The HP X3 Elite smartphone represents Microsoft’s latest attempt to make Windows Phone relevant in a market dominated by IOS and Android devices. The latest iteration pushes the dream of a unified device that will be your smartphone, your desktop and your laptop. However, their perceived inability to fully commit to Windows 10 Phone ultimately results in this device failing on all fronts, and inconceivably in areas that Microsoft should shine. Read more
Last week Marissa Mayer, the high profile CEO of Yahoo! issued an edict which effectively ended working from home for Yahoo! employees. They have all been ordered to report to duty in the office and turn up for work in the good old fashioned way.
This seems to fly in the face of what we have been told the future of working life would be. We were given a mythical vision of a time where we wouldn’t need to cram ourselves on the Bakerloo line every day as we wouldn’t need to go to an office. In the unlikely event of us having to leave our homes we would all be travelling on “Back to the future” style Hoverboards. Were we mis-sold this vision?
As the MD of an IT Services company, you tend to get very lazy about taking the initiative to explore new devices and technologies yourself because various members of your team do it on an ongoing basis and brief you about it. I have however been excited for quite some time about the new MS Surface and Windows RT, and how the device and operating system might form a “bridge” between a device that business users could benefit from as they travel and also a “home entertainment” device that gives you most of the critical apps and other functionality of an iPad. (yes we do have an iPad at home but I have personally resisted claiming it as “mine”!) I’ve been hoping this will be the device for people like me who find even the smallest laptops too bulky to carry around.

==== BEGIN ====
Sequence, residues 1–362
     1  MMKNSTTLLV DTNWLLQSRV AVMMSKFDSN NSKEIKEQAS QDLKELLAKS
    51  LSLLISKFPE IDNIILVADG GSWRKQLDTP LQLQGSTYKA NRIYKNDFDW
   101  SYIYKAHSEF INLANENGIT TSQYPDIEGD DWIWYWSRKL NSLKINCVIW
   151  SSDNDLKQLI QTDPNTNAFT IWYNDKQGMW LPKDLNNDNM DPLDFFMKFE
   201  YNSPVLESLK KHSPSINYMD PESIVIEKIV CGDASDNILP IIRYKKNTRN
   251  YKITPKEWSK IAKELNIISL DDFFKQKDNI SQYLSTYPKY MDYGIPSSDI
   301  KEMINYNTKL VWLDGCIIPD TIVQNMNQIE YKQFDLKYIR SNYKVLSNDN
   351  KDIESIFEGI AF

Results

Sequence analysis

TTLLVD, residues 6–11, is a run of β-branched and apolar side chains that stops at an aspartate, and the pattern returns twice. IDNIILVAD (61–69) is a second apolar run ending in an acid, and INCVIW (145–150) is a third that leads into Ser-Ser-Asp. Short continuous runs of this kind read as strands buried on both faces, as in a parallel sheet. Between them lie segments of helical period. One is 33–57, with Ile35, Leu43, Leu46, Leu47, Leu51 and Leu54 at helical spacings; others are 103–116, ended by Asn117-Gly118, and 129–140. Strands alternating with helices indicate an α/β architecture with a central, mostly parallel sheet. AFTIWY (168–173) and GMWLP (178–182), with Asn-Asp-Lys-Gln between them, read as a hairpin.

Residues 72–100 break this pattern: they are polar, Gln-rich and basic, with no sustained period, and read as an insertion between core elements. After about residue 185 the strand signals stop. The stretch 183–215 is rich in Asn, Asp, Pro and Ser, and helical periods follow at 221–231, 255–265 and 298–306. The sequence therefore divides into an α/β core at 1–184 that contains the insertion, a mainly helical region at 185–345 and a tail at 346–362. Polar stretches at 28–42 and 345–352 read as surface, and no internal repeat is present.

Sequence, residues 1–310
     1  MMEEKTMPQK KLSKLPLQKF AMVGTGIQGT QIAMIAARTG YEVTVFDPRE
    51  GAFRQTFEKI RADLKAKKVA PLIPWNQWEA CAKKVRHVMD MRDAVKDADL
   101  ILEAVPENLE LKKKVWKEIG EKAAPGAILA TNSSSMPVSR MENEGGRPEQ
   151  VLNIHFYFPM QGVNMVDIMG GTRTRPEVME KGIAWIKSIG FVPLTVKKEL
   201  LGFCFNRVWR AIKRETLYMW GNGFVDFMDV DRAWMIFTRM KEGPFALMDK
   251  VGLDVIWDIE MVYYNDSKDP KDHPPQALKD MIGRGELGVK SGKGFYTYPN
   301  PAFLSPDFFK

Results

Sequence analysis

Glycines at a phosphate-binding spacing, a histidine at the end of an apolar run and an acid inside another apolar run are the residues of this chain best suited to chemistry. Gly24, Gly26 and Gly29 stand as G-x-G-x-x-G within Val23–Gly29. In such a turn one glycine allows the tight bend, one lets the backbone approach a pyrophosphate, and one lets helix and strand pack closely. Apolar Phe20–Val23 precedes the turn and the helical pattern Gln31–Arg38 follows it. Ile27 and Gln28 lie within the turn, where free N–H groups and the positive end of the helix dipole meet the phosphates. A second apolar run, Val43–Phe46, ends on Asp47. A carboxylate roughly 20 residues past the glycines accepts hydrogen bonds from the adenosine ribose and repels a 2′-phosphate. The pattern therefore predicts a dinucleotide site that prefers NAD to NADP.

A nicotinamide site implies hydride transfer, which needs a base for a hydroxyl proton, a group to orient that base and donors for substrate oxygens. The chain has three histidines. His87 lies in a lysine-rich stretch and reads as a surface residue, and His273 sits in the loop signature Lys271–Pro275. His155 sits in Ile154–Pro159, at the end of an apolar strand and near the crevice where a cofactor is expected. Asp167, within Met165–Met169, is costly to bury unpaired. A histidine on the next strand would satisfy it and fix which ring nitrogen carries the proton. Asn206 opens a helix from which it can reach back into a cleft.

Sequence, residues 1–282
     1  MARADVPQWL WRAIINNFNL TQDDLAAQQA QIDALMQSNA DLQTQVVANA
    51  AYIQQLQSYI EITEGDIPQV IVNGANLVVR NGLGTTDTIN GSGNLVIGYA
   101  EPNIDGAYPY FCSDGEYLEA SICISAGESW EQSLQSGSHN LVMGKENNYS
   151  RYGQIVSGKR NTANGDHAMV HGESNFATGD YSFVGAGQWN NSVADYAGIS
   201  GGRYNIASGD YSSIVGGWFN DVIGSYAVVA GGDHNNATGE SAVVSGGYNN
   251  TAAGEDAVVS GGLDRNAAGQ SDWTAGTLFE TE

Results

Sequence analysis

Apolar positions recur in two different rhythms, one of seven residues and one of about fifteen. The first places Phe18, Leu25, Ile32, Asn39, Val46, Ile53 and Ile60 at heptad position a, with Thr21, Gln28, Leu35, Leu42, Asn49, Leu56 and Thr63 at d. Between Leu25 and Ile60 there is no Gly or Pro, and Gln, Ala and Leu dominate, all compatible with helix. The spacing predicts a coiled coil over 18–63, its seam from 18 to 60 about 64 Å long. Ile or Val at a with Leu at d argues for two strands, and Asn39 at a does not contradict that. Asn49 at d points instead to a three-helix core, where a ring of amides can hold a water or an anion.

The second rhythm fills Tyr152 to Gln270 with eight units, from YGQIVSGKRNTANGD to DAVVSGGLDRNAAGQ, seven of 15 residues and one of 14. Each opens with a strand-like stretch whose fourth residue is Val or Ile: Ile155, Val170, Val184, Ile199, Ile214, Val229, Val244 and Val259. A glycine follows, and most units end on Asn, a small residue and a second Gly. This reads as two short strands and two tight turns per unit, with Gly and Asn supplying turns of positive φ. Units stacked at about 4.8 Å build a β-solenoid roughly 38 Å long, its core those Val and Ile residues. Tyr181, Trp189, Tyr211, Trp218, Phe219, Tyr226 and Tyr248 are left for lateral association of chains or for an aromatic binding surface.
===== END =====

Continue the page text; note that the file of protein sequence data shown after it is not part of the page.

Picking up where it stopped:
On the 25th October of this year Microsoft released its first in-house venture into the world of tablet computing; The Microsoft Surface RT.
What is RT? Is it Windows 8?
Microsoft is famous for its use of two letter acronyms; we have had Windows NT, which stood for Network and Windows XP which stood for Experience and now we have RT, which stands for absolutely nothing. That isn’t to say it isn’t different to the version of Windows 8 running on your home computer. As such it is important to understand what makes it different to Windows 8 for computers.
I’ve had quite a rush of contract renewals in the last few months, all of them have had their own challenges and problems to solve but one common element I found was that changing technologies can help find solutions that simply were not there before.
If your IT services contract is due for renewal then it can give a chance to wipe the slate clean and look with fresh eyes at what it is that IT does for your business. You may be very happy with your current arrangements which is all well and good but rather than simply signing up for more of the same it may be time to take a step back to look at how you do things and whether you can do them better.